Crucial Compliance’s CEO, Paul Foster, embarked on a visit to Rwanda and South Africa to introduce a groundbreaking series of Safe Gambling Hackathons. These dynamic events aimed to harness the ideas and creativity of local talent and entrepreneurs in addressing gambling-related harms. Attended by CEOs of betting firms, government representatives, regulators, and the general public, the forums fostered collaboration and engagement.
The timing of this initiative is crucial as the region has become a target for foreign operators seeking business expansion. By aiming to spread gambling addiction awareness and prevent harm, Crucial is the first to take this initiative.
Africa has witnessed a troubling surge in gambling harm, with a paradoxical decrease in gamblers but a significant rise in spending. According to a report by African News (2022), many individuals view sports betting in Africa as a potential source of regular income and a pathway out of poverty.
A South African government survey from 2017 even found that “sports betting grew 14% per year from 2008 to 2016. Also, the number of South Africans who gambled fell from 57% to a third of the country’s adult population.” These worrying statistics are precisely why Crucial has moved to protect players. In two events hosted by Crucial in Kigali and Johannesburg, more than 100 professionals attended.
Successful collaborations were formed with betting operators, regulator teams and local government. Crucial also showed a commitment to the community surrounding this market sector. It invested in and incubated new ideas from local entrepreneurs. Crucial commits to globalising its offering as part of its expansion and will extend its work throughout the continent.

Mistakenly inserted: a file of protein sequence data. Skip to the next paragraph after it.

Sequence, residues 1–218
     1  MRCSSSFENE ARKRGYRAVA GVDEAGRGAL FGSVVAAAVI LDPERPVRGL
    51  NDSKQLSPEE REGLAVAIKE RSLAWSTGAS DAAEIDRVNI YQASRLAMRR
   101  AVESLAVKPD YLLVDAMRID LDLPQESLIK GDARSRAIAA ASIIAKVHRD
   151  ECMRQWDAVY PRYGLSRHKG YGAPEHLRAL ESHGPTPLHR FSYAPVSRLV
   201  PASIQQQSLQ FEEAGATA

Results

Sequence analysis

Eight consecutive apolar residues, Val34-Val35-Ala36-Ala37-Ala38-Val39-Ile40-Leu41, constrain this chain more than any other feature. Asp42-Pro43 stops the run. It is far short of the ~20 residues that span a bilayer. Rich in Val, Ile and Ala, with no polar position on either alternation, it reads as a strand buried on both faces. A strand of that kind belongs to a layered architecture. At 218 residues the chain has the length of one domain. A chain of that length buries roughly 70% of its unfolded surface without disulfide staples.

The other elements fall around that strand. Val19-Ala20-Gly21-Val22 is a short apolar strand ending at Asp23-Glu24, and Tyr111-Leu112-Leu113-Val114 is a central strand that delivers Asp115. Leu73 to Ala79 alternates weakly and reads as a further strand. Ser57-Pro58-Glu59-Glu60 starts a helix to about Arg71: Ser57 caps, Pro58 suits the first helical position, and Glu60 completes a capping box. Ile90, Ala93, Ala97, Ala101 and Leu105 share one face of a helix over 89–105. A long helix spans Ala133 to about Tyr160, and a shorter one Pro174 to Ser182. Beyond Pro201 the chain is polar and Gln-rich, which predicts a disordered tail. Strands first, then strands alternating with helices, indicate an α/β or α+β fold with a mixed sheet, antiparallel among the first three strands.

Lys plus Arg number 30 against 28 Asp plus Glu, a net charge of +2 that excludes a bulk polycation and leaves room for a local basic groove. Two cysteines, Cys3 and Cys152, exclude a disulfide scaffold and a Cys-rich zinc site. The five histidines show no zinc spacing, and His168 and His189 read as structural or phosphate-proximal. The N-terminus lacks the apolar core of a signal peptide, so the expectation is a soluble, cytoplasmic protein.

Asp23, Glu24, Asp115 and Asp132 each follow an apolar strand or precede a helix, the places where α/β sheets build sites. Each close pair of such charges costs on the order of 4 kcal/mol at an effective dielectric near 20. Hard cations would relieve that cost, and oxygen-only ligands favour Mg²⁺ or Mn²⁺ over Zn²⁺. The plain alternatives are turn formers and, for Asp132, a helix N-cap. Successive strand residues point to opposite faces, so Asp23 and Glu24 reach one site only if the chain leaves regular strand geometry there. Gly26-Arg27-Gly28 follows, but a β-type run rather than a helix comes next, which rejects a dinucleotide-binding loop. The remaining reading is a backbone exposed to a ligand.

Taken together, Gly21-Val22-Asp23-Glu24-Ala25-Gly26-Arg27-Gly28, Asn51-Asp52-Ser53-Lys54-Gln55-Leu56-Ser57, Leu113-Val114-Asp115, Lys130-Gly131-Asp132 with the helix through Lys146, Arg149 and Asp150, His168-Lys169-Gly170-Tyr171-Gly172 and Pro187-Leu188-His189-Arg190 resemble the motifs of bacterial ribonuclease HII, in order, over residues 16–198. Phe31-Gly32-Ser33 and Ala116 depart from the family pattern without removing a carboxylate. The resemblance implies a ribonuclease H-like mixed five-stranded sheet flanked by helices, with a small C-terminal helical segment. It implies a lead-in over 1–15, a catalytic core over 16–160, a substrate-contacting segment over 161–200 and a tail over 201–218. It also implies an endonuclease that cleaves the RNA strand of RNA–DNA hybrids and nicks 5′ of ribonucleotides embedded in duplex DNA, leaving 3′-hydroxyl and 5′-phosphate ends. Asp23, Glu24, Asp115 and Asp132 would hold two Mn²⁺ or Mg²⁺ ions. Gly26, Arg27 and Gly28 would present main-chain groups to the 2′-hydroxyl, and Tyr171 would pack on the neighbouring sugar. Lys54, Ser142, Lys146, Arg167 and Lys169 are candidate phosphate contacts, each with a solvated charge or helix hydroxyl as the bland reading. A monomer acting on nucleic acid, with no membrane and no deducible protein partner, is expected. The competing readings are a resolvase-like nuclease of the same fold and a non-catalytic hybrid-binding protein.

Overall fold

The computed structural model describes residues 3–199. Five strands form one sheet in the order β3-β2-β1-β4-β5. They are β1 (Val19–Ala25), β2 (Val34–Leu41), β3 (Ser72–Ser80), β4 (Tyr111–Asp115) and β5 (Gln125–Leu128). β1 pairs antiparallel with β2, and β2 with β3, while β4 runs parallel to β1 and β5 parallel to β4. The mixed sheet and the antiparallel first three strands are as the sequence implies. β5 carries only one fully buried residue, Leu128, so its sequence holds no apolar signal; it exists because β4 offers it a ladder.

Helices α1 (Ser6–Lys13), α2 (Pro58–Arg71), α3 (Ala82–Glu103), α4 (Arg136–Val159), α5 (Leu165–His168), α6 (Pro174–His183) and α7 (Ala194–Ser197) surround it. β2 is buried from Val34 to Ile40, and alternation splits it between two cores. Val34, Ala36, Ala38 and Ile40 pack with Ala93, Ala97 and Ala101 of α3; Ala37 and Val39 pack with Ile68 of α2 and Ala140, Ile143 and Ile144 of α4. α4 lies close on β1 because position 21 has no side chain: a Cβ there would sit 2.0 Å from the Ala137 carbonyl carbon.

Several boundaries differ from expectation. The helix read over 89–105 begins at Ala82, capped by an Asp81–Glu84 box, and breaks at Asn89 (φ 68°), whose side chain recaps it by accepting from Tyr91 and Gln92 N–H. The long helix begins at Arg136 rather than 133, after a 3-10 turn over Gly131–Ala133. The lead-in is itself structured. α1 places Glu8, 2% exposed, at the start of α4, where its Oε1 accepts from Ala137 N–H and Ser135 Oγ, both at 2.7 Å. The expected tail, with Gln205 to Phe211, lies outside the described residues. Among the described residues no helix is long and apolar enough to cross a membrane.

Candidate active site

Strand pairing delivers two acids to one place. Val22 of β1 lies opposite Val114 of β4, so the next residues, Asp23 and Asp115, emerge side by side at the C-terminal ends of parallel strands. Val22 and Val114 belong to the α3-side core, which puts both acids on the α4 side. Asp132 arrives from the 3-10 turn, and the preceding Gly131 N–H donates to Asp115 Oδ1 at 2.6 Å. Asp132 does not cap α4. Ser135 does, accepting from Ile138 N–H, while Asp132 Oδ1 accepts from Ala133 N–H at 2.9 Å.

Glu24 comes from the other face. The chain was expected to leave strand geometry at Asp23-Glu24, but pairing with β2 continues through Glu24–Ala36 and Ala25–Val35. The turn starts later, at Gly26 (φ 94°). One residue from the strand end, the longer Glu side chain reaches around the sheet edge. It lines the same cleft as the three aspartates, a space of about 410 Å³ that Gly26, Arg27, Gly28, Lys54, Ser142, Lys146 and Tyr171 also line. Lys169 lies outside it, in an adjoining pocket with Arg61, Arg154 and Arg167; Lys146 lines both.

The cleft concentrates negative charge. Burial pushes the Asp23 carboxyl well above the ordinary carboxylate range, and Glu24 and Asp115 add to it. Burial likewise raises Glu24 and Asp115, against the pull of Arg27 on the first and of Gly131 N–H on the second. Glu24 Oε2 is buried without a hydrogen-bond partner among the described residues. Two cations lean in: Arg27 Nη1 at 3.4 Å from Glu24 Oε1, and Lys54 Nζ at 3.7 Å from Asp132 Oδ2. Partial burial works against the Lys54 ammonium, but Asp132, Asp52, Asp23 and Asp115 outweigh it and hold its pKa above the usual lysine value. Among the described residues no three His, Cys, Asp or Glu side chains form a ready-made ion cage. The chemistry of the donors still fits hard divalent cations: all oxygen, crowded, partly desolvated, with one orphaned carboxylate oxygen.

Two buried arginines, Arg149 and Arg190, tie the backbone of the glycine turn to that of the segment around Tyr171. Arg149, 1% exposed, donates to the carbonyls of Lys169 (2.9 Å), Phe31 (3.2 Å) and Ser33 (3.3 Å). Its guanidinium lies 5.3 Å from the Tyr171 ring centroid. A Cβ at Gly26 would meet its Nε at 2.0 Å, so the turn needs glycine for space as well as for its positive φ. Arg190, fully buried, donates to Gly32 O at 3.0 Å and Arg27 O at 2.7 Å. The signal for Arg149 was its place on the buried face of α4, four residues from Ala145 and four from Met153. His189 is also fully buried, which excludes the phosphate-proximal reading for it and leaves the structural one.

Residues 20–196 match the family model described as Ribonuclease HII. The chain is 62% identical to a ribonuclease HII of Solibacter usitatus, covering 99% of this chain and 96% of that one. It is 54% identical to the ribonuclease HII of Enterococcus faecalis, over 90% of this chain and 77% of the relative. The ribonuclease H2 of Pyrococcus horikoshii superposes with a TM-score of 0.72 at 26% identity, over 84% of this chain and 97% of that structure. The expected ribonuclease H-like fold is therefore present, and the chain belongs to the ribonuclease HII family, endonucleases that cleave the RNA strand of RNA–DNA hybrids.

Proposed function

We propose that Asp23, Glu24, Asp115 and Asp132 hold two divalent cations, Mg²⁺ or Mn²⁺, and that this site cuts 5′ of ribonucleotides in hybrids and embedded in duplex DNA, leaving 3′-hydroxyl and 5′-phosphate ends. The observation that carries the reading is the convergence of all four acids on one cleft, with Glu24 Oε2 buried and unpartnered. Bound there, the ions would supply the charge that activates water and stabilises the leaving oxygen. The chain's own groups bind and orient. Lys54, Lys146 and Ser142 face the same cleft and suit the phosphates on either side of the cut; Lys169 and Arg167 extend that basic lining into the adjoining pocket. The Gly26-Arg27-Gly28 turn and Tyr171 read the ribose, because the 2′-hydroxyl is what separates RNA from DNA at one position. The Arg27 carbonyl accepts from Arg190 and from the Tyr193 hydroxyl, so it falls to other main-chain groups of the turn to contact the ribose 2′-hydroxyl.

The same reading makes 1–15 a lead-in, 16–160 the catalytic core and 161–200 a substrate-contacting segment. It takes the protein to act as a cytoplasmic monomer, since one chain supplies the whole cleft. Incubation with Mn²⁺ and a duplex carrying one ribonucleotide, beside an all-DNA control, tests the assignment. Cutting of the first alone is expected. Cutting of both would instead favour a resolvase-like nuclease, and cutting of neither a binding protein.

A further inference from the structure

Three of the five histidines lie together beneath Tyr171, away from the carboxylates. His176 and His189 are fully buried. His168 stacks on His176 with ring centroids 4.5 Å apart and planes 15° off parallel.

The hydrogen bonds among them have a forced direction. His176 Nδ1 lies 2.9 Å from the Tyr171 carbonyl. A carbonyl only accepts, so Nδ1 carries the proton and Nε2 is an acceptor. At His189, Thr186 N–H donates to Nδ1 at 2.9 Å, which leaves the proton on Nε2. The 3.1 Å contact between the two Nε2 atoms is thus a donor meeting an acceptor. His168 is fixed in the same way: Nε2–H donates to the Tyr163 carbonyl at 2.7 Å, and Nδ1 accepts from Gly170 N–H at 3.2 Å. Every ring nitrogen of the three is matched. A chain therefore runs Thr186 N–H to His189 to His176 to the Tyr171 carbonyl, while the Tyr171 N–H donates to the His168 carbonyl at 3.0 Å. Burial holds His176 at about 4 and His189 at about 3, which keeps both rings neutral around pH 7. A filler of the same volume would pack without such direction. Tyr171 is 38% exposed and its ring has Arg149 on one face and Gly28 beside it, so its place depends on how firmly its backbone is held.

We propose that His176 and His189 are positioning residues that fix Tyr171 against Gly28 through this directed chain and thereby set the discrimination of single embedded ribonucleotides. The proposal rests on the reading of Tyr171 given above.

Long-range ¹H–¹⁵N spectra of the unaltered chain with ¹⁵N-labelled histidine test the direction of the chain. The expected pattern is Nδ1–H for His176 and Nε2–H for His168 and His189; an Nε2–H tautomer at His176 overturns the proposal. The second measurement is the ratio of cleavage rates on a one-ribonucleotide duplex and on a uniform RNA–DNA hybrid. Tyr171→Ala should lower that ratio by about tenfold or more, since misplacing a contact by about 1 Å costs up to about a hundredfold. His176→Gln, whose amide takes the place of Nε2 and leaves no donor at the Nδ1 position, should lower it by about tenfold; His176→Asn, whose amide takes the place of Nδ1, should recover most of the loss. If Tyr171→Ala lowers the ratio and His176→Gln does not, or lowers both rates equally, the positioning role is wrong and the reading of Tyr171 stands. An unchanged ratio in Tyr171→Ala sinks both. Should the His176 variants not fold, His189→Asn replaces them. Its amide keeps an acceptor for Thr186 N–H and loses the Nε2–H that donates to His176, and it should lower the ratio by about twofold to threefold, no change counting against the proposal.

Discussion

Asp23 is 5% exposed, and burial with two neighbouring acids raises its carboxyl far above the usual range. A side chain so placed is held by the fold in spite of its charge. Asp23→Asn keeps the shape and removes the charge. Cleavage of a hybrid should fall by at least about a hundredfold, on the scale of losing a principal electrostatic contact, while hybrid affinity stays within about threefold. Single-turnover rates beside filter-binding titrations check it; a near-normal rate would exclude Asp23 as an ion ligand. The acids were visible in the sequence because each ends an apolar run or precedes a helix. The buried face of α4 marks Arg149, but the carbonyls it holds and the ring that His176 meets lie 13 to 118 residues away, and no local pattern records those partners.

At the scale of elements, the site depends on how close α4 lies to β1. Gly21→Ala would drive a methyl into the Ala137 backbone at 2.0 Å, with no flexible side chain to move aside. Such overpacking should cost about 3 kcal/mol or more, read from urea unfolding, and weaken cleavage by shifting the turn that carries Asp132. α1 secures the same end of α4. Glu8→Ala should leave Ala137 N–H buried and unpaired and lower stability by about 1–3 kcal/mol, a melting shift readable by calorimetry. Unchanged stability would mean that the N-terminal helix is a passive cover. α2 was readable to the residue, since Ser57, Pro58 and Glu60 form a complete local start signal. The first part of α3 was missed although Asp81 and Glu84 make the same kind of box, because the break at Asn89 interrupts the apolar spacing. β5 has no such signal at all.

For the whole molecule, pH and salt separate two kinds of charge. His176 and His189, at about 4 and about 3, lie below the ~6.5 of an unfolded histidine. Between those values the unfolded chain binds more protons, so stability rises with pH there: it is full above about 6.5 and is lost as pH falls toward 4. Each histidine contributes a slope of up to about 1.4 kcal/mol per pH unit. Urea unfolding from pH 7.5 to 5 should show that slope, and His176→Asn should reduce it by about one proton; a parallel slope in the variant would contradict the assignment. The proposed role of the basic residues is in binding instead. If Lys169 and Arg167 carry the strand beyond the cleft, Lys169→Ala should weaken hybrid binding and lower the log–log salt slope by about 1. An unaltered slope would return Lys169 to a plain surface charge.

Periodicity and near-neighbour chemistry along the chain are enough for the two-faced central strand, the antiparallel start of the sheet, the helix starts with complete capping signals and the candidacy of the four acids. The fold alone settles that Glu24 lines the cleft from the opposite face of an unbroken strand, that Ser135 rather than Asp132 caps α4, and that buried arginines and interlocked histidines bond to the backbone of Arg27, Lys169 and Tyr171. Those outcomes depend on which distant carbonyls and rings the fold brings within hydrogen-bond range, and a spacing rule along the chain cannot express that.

Paul Foster, chief executive officer of Crucial Compliance, said:
“Many people may think stepping into Africa was a venture to the unknown. We analysed emerging trends showing that in popular culture. There can be unhealthy attitudes to gambling and we invested time and resources to explore Rwanda and South Africa.
“From our initial engagement, these countries are open to change in terms of industry attitudes and player protection. We are excited about the prospects of real change and working with local charities and operators in having a positive impact on the society. We will hold further Hackathon events in Nigeria, Rwanda and South Africa in April. We shall invite anyone with an interest in reducing gambling related harm to come along and join the conversation.”